Thanks again for the response. I’m going to have to look into the settlement patterns of Australia before I go any further down that rabbit hole, because I’m not educated enough to make a strong comment. You’ve presented new info to me, and I thank you for that.
Your claim that you could double the number of guns with no appreciable effect on crime is surely correct. US is saturated with guns, in the statistical sense.
The inverse possibility, of halving the number of guns, surely would affect crime, ‘though perhaps not much.
I’ve looked into this exact scenario, actually, and run the math on it. You might find that worth looking over.
Gun Buybacks and Gun Seizures Don’t Work if you Believe in Math
This just needs to be put to bed, once and for all.
The net conclusion is we’d have to buy back around 80 million dollars worth of guns to avert one homicide. Probably more, since my assumptions in this calculation were pretty generous to the pro-buyback side of the argument. The reason why is, of course, we are so far past this saturation point that getting down to a spot where guns are scarce is simply not an option here. And I would hold that opinion whether I was pro gun or anti gun, because math.
But even that analysis misses some more recent research here in the USA, which came out after I wrote it. When you dis-aggregate domestic and non-domestic homicides and compare to ownership ratios, you discover that even at a multivariate level, the relationship between gun ownership rate and gun homicide rate is literally zero for non-domestic homicide, and all the variation is within domestic homicide. I think this makes sense, because domestic homicides are largely unplanned, while non-domestic homicides are in fact planned. More on that here:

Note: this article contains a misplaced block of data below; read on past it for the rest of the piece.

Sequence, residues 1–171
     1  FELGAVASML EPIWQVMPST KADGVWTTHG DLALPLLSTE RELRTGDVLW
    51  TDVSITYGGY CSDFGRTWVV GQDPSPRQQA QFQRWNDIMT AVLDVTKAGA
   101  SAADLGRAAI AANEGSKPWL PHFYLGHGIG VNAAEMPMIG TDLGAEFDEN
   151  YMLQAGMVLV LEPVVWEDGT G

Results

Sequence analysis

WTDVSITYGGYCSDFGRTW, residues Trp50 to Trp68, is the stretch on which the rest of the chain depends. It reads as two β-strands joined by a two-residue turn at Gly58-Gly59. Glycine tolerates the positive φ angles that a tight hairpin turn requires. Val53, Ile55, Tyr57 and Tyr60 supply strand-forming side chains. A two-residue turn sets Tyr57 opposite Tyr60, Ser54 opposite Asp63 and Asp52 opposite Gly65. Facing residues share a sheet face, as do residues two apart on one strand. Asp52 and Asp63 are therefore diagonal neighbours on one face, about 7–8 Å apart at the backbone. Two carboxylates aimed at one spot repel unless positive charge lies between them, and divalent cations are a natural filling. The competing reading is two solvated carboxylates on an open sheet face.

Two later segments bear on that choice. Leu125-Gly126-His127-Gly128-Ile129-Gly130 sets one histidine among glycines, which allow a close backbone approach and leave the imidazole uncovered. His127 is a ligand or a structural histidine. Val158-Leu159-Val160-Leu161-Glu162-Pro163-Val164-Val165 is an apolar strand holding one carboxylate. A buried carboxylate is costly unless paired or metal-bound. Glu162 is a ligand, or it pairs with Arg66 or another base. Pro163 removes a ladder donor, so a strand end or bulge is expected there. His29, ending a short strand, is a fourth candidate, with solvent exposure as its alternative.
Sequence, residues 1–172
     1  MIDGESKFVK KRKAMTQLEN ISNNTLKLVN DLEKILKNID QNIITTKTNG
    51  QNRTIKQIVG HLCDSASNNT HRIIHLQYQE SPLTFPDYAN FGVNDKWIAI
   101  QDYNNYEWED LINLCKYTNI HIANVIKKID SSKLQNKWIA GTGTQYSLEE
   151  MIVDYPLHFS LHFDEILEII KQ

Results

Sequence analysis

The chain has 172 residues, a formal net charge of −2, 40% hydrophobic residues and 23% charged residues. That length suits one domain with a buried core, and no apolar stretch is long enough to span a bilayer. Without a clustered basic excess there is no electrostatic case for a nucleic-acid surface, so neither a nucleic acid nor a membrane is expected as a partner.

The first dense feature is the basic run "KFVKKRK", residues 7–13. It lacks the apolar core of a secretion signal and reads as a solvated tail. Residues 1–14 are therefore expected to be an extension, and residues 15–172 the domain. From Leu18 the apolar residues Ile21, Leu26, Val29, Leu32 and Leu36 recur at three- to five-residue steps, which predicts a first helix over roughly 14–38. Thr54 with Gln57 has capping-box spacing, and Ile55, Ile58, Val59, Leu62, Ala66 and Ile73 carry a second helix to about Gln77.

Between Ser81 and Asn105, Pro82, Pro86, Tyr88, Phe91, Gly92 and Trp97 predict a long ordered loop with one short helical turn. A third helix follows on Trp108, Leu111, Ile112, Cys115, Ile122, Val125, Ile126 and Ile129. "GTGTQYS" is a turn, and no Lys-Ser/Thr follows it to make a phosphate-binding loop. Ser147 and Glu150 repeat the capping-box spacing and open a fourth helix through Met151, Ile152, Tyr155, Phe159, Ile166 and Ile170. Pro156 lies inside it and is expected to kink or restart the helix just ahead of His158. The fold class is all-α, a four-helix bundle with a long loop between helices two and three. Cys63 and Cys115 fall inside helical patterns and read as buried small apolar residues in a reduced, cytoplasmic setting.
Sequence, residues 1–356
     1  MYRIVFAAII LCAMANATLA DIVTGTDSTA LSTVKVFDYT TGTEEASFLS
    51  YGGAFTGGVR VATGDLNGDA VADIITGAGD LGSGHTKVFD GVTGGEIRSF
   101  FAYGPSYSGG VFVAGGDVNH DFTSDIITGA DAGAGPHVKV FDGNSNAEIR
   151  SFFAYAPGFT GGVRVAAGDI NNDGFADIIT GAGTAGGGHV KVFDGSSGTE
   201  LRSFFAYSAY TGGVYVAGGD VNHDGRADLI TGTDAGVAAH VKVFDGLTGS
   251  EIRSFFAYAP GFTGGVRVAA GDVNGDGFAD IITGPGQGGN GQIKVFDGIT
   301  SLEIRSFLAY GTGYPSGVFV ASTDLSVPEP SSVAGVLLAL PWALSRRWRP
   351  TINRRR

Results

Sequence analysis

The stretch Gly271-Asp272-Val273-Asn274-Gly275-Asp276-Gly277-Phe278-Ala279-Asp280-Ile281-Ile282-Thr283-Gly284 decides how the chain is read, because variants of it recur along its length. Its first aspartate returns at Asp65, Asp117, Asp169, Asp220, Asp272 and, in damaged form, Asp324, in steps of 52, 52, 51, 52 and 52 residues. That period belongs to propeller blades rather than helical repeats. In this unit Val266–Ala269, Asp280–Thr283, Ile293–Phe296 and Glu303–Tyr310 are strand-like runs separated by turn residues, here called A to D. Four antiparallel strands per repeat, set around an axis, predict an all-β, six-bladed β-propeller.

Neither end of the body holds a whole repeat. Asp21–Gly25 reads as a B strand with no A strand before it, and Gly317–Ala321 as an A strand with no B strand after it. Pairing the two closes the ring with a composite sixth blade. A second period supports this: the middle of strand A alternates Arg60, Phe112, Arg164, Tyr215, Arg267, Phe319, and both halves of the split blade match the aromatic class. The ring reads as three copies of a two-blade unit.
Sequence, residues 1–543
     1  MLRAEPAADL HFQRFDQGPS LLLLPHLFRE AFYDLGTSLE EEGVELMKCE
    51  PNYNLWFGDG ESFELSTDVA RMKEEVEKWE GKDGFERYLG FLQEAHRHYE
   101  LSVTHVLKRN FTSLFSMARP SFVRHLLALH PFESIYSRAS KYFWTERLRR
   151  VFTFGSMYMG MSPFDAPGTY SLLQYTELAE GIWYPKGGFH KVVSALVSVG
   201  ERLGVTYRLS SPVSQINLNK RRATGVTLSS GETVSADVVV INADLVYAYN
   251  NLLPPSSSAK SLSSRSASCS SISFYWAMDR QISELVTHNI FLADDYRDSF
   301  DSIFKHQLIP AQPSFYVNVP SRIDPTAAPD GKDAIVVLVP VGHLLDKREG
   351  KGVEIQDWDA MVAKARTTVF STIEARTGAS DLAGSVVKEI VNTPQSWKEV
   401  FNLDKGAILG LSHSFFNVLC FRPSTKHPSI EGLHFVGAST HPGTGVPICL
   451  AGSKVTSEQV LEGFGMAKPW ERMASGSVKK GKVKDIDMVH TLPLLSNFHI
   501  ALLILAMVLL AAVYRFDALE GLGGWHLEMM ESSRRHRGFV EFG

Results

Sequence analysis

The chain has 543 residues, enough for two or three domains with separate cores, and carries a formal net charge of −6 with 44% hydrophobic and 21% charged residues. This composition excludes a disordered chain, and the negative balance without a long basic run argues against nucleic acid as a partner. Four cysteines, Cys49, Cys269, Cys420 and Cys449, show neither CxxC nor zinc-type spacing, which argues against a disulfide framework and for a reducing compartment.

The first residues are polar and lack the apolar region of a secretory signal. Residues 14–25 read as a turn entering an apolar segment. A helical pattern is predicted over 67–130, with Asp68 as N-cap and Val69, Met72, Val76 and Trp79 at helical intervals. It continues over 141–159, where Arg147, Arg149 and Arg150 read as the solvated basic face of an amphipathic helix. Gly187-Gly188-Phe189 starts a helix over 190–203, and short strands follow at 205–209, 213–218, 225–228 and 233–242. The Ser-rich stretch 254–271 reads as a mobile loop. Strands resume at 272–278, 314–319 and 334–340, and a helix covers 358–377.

Newsweek‘s Bogus Gun Rhetoric Misses an Amazing Find
Newsweek dropped a really ripe one today, full of misleading statistics and bogus rhetoric. Let’s go through some…
These mathematical discoveries might inform sensible policy that has some actual efficacy. For instance, the USA could probably not break the bank by running a buyback program focused specifically at homes where there are known domestic violence issues. That only amounts to between 1000 and 2000 homicides per year, out of 330 million people, but it would be something, and would target the smaller pool where gun ownership and gun homicide are actually related.
How you’d actually implement that, however, is an entire different ball of wax.